Tab Hunter Confidential: The Making Of A Movie Star
- Publish Date: 2005-10-14
- Binding: Hardcover
- Author: Tab Hunter
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The young boy's name was Tab Huntera made-up name, of course, a Hollywood nameand it was his time. Stardom didn't come overnight, although it seemed that way. In fact, the fame came first, when his face adorned hundreds of magazine covers; the movies, the studio contract, the name in lightsall that came later. For Tab Hunter was a true product of Hollywood, a movie star created from a stable boy, a shy kid made even more so by the way his schoolmatesboth girls and boysreacted to his beauty, by a mother who provided for him in every way except emotionally, and by a secret that both tormented him and propelled him forward.
In Tab Hunter Confidential: The Making of a Movie Star, Hunter speaks out for the first time about what it was like to be a movie star at the end of the big studio era, to be treated like a commodity, to be told what to do, how to behave, whom to be seen with, what to wear. He speaks also about what it was like to be gay, at first confused by his own fears and misgivings, then as an actor trapped by an image of boy-next-door innocence. And when he dared to be difficult, to complain to the studio about the string of mostly mediocre movies that were assigned to him, he learned that just like any manufactured product, he was disposabledisposable and replaceable.
Hunter's career as a bona fide movie star lasted a decade. But he persevered as an actor, working continuously at a profession he had come to love, seekingand earningthe respect of his peers, and of the Hollywood community.
And so, Tab Hunter Confidential is at heart a story of survivalof the giddy highs of stardom, and the soul-destroying lows when phone calls begin to go unreturned; of the need to be loved, and the fear of being consumed; of the hope of an innocent boy, and the rueful summation of a man who did it all, and who lived to tell it all.
Henry Willson, famous and infamous agent and creator of stars, named Tab Hunter. He also tagged Rock Hudson, Rory Calhoun, and other young sex symbols. Not all of them were gay, but they came to be known as Harry Willson's boys. (Another book about this time and subject is The Man Who Invented Rock Hudson: The Pretty Boys and Dirty Deals of Henry Willson by Robert Hofler.) Tab Hunter was completely manufactured. He even speaks of himself in the third person in the book.
Before he was 26, Hunter had hit the trifecta: he was a movie star, had a hit single in "Young Love," and was on the first live production of Playhouse 90 on television. His future success looked assured, but such was not the case. It was either feast of famine for the next few years. He was never a solid A-list leading man, but had his share of famous co-stars and leading ladies nevertheless.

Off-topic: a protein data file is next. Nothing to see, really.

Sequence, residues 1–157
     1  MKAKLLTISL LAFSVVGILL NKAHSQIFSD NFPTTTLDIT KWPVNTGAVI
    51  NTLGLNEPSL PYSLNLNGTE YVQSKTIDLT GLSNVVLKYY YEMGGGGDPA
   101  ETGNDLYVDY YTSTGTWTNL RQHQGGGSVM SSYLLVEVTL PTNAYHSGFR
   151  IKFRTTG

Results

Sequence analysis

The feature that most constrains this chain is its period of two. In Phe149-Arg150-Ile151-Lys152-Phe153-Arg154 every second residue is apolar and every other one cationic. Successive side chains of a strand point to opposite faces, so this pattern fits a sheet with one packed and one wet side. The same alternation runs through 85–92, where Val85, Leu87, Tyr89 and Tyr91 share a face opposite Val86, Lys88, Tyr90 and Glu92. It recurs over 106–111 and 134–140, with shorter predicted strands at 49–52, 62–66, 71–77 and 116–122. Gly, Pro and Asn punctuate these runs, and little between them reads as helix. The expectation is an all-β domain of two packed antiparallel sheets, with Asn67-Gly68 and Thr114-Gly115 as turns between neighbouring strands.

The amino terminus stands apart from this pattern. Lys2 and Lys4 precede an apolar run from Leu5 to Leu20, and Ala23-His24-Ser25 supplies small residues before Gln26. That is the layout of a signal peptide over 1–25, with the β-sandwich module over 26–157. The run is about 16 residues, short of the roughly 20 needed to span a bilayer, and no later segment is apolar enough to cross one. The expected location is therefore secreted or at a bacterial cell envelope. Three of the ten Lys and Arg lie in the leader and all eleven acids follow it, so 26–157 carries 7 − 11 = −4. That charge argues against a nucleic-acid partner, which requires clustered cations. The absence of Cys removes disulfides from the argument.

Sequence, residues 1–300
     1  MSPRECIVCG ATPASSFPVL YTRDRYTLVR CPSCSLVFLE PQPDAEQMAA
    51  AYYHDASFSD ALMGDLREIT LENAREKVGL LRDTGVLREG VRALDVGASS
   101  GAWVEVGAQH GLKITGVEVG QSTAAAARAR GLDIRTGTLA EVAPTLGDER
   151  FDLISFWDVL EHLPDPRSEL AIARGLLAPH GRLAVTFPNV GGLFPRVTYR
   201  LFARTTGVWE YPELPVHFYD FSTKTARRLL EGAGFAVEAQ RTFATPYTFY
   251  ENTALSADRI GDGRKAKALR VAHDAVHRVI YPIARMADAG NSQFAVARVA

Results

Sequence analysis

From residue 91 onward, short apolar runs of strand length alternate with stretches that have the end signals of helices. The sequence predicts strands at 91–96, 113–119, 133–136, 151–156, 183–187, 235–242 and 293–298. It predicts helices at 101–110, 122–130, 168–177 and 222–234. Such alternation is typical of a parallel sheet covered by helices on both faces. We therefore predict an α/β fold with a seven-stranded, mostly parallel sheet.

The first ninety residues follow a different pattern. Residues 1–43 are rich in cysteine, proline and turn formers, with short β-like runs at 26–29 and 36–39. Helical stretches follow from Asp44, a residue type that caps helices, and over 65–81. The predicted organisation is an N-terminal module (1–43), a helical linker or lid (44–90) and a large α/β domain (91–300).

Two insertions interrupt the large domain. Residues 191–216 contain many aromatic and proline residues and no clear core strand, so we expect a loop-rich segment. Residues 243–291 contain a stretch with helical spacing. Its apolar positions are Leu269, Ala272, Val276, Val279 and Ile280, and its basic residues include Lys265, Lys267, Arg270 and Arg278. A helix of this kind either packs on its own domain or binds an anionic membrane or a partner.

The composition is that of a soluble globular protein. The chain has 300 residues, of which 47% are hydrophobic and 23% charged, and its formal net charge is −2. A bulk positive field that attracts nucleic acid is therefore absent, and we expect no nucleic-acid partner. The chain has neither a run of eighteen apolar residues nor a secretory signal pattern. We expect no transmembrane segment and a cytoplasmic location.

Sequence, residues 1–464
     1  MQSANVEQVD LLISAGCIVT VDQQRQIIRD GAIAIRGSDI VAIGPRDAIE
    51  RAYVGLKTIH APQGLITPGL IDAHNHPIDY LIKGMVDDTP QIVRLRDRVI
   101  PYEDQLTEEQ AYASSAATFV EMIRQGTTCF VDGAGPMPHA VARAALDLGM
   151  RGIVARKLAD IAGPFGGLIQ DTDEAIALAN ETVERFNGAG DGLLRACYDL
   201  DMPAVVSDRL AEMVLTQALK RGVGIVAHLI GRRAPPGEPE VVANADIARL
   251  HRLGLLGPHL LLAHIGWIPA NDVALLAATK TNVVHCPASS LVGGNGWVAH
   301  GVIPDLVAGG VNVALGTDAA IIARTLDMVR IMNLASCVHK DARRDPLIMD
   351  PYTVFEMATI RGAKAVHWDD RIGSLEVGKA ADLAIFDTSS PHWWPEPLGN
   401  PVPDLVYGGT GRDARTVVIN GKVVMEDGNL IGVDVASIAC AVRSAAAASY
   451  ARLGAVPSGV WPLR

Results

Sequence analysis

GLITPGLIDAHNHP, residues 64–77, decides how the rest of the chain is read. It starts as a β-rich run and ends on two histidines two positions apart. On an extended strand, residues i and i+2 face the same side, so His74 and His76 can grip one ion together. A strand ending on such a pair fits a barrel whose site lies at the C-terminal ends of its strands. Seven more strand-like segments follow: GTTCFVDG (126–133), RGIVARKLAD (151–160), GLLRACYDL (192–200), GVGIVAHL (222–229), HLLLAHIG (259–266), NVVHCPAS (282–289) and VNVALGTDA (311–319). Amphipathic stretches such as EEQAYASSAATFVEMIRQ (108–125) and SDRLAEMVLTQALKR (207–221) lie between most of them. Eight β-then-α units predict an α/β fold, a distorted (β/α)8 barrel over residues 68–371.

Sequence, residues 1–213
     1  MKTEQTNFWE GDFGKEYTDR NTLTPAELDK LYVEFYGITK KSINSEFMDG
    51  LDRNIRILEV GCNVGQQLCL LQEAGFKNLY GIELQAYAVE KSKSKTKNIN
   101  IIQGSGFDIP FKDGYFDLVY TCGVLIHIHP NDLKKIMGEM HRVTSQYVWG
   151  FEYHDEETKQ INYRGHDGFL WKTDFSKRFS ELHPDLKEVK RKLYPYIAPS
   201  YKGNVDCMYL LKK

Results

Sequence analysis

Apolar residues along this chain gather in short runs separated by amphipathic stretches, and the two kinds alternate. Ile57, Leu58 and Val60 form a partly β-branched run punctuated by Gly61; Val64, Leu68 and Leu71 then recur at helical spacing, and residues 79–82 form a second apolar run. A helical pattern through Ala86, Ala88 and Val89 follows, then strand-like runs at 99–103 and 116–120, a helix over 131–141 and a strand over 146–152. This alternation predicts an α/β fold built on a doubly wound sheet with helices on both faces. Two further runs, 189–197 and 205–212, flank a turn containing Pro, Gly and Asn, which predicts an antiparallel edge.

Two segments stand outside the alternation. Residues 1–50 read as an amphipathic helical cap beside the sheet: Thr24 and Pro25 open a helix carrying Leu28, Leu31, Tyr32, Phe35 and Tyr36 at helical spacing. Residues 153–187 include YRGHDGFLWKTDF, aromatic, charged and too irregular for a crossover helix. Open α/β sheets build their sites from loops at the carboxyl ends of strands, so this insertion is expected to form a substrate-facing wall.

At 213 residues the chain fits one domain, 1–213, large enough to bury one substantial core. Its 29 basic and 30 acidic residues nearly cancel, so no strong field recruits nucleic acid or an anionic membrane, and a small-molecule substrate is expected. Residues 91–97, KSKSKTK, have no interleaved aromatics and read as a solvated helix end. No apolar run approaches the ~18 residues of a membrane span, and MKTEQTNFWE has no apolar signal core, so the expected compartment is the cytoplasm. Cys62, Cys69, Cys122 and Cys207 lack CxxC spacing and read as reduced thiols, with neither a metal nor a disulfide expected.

While he was struggling with his true identity and trying to stay afloat financially, his mother had a complete breakdown and he was forced to hospitalize her in less than ideal conditions. This also had to be a secret from the fans. His friendships, both intimate and platonic, kept him going, as well as his deep faith in Catholicism. Yes, Catholicism. Tab Hunter has his own unique pact with God.
The book is filled with many pictures of Tab and his friends and with anecdotes about the stars: Tallulah Bankhead on her last legs, fuzzy and outrageous; Linda Darnell's kindness; John Wayne's macho strutting; Fred Astaire's humility; Van Heflin's professionalism, and on and on. This is sheer heaven for any movie fan. His relationship with Tony Perkins is noted, as is his liaison with Olympic figure skater Ronnie Robertson. (Tab, in addition to being an actor, singer and horseman was also an accomplished figure skater.) When the good parts disappeared after he left Warner Brothers, he went on tour with the Everly Brothers. Much later, now fully "out" he joined Divine in two John Waters movies: Polyester and Lust in the Dust, both cult classics. After suffering a stroke and a heart attack, he is now enjoying life in Santa Barbara with his longtime companion, Allan Glaser. As Tab succinctly puts it regarding his story: "Better to get it from the horse's mouth, I decided, and not from some horse's ass." --Valerie Ryan